In U2 and Bono news, the Twitter account Super70sSports sent out this non-sports related tweet recently but man is it a homer! The tweet showcases a rejection letter from one of the A&R over at the now-defunct RSO Records. RSO Records was a record label formed by Robert Stigwood and Al Coury in 1973. The label was absorbed into PolyGram in the early to mid-eighties and is now currently owned by the Universal Music Group. U2 singer Bono reveals disturbing doctor news.
Here, in a reply letter sent to ‘Mr. P. Hewson’ A.K.A. Bono, the aforementioned A&R person, named Alexander Sinclair explains why he felt, at this particular moment in time that U2 wasn’t the proper fit for the label.
“Dear Mr. Hewson,
Thank you for submitting your tape of ‘U2’ to RSO, we have listened with careful consideration, but feel it is not suitable for us at present.
We wish you luck with your future career.
To which the Twitter account gave this humorous response: “Sinclair, did Bono write you a letter five years ago asking us to sign U2?”
“I … I don’t … that’s … well … I don’t recall anything like that, sir.”
We understand that it’s not the easiest thing in the world to pick out talent but something tells us that Mr. Sinclair is probably kicking himself right now. Bono recently revealed U2 bandmate toilet video.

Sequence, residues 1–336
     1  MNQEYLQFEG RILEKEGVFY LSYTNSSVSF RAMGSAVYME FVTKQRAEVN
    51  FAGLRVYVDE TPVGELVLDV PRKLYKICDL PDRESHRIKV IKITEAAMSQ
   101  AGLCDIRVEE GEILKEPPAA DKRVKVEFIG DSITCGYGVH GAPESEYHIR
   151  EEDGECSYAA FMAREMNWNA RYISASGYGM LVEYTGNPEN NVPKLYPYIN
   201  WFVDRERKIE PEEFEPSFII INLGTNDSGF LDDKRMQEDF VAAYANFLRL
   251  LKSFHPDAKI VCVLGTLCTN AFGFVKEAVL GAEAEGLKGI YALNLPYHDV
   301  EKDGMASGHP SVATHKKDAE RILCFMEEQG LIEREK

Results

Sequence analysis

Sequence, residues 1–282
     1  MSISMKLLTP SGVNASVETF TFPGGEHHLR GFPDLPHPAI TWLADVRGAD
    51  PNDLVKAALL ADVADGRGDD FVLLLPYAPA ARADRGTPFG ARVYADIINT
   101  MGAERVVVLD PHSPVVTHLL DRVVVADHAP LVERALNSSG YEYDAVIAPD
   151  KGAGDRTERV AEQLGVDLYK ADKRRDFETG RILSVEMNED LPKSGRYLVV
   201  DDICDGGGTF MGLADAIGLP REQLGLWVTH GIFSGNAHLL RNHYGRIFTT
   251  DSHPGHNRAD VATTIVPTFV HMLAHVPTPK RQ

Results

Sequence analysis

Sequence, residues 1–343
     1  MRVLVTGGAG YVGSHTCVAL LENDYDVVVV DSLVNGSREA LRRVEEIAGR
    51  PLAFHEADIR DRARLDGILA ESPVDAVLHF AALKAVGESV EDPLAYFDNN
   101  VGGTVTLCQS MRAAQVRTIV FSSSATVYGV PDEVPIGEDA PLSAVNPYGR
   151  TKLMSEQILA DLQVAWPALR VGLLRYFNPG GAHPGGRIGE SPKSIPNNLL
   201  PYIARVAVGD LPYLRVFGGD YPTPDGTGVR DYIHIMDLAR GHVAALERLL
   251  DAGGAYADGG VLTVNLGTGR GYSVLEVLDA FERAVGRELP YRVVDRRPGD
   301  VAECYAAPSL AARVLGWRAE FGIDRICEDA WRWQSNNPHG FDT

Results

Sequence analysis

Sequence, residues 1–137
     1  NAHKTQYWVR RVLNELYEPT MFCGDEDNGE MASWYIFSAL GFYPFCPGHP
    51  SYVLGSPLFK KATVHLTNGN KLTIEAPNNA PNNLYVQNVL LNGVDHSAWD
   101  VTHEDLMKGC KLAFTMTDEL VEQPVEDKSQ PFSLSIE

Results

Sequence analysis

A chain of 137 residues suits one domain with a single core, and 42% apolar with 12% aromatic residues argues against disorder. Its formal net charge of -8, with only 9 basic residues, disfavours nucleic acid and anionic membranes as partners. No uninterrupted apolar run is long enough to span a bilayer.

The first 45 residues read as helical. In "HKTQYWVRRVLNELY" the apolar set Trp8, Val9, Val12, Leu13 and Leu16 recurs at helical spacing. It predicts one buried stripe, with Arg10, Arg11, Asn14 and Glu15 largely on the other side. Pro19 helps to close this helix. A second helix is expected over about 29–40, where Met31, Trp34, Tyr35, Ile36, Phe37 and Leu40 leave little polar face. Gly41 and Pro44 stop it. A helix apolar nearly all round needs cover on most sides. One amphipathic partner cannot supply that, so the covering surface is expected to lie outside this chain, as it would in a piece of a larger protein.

In other news regarding Bono and U2, fans of the popular Irish rock group recently took to social media to reflect on the group’s debut album, Boy. One fan wrote: “I will never forget the 1st time I heard of U2. My friend had a birthday party and received Boy on the cassette. It was 1980 and I was 10. I remember studying the front of that cassette, the black and white stretched faces and the mysterious name, U2. It would be at least 3 years before I actually saw a picture of them when October came out. They were mysterious and seemed to hold secrets.
Brad Pitt looks ‘miserable’ with Bono at this U2 show. The fan continued: I mean, what an absolutely perfect concept album. The moments of late childhood, the scary and exciting days before a boy becomes a man. For a kid who was in those exact moments, Boy played like a script and seemed to me, not preconceived in any way but organic in some mysterious way. There is no way any artist could consciously attempt to capture the essence found in Boy. U2 could never repeat this. They would have other achievements, but nothing as thematic or organic as Boy. Boy is one of the most interesting moments of rock music and should be seen as a turning point for a genre that had rarely achieved this type of unconscious realism.
“Sinclair, did Bono write you a letter five years ago asking us to sign U2?”
“I … I don’t … that’s … well … I don’t recall anything like that, sir.” pic.twitter.com/BrkbOPDDyT
— Super 70s Sports (@Super70sSports) December 1, 2019